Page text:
Description The interaction of the SARS CoV-2 spike protein receptor binding domain with heparin and its derivatives.
Geographic Reach Multiple continents/international 
Policy Influence Type Influenced training of practitioners or researchers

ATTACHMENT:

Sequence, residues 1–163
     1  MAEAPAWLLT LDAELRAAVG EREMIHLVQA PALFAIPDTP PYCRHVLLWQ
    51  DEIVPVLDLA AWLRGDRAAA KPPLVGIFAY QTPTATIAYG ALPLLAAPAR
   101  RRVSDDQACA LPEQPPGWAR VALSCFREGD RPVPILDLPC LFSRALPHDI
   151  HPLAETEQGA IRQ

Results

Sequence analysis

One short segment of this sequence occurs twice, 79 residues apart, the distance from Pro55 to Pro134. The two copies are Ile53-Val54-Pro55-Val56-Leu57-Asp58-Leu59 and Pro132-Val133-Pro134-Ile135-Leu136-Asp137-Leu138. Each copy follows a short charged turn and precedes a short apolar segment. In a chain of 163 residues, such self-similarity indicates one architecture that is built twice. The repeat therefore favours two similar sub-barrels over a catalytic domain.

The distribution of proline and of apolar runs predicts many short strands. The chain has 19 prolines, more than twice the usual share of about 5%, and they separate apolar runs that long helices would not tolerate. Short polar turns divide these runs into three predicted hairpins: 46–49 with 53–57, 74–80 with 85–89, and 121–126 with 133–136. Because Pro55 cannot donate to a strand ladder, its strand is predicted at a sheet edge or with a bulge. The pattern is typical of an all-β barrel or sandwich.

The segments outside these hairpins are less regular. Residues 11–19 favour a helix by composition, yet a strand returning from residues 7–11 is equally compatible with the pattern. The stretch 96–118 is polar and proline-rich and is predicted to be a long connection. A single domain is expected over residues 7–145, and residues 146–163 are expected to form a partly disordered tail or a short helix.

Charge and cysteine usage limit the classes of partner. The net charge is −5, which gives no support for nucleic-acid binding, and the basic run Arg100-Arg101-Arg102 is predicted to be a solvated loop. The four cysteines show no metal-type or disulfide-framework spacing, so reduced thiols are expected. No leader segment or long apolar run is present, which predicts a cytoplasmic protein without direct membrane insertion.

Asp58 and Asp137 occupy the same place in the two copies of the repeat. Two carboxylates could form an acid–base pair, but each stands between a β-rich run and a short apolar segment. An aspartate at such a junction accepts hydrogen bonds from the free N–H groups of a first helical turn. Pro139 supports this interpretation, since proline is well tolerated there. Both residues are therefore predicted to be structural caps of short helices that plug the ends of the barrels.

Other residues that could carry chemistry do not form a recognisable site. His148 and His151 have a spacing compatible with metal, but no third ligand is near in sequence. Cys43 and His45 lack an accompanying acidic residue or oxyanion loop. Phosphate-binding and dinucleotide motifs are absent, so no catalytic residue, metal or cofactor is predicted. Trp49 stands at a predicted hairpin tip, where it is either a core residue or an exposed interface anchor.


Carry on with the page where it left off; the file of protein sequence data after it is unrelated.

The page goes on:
Impact Our study of the interaction of the SARS CoV-2 spike protein receptor binding domain with heparin and its derivatives, both as models of the cell surface ligand, heparan sulfate, and as potential therapeutics, underpinned the international CHARTER (Can nebulised heparin reduce time to extubation in SARS-CoV-2?) clinical trial. Our work was published originally in March 2020 on the BioRiv server [1], then in the peer-reviewed journal, Thrombosis and Haemostasis [2], and underpins both the present Wellcome Trust application as well as a recent application to NIHR. The protocol [3], which was adopted for CHARTER, also involved several of the applicants as well as an international group of collaborating clinicians. Now, the findings of the CHARLI (Can heparin administration reduce lung injury?) clinical trial, conducted by the same international group of collaborators, have been published in Lancet Respiratory Medicine ('Nebulised heparin for patients with or at risk of acute respiratory distress syndrome; a multicentre, randomised, double-blind, placebo-controlled, phase 3 trial.' by B Dixon et al., [4]. The results from CHARLI confirm the safety of nebulised heparin for the treatment of non-viral ARDS, indicating a reduction in the extent of lung damage, while enabling an earlier return home than patient control groups. Since the publication by Dixon et al., there has been enthusiasm among the scientific community to test nebulised heparin in a more homogenous population than was used in the initial study, since ARDS can take many forms; a view echoed in a recent publication in The Lancet Respiratory Medicine [5]. Very recently, a study in the BMJ [6] has shown that early prophylaxis with heparin decreases the 30-day mortality in a cohort of COVID-19 patients who had no increased risk of serious bleeding events, a risk factor for the use of conventional heparin. These findings provide further confidence in the possible application of better-optimised compounds derived from crude heparin, a source of greater structural and bioactivity diversity than the conventional pharmaceutical heparin employed in the CHARLI clinical trial, and ones from which bleeding complications can be essentially eliminated. [1] https://doi.org/10.1101/2020.02.29.971093 [2] Thromb Haemost 2020; 120(12): 1700-1715 DOI: 10.1055/s-0040-1721319 [3] https://doi.org/10.1101/2020.04.28.20082552 [4] DOI: 10.1016/S2213-2600(20)30470-7 [5] https://www.thelancet.com/journals/lanres/article/PIIS2213-2600(20)30513-0/fulltext [6] https://www.bmj.com/content/372/bmj.n311